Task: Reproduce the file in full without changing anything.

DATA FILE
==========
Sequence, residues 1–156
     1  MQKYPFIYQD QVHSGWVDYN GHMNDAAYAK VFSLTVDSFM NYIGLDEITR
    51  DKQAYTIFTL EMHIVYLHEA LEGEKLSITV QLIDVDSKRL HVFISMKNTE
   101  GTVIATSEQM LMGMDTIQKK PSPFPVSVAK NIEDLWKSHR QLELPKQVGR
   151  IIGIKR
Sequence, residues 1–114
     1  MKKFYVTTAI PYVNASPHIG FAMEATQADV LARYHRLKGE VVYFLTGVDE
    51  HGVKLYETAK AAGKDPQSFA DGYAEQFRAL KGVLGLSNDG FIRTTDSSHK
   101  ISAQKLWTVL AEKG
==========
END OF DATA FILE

Sequence, residues 1–156
     1  MQKYPFIYQD QVHSGWVDYN GHMNDAAYAK VFSLTVDSFM NYIGLDEITR
    51  DKQAYTIFTL EMHIVYLHEA LEGEKLSITV QLIDVDSKRL HVFISMKNTE
   101  GTVIATSEQM LMGMDTIQKK PSPFPVSVAK NIEDLWKSHR QLELPKQVGR
   151  IIGIKR
Sequence, residues 1–114
     1  MKKFYVTTAI PYVNASPHIG FAMEATQADV LARYHRLKGE VVYFLTGVDE
    51  HGVKLYETAK AAGKDPQSFA DGYAEQFRAL KGVLGLSNDG FIRTTDSSHK
   101  ISAQKLWTVL AEKG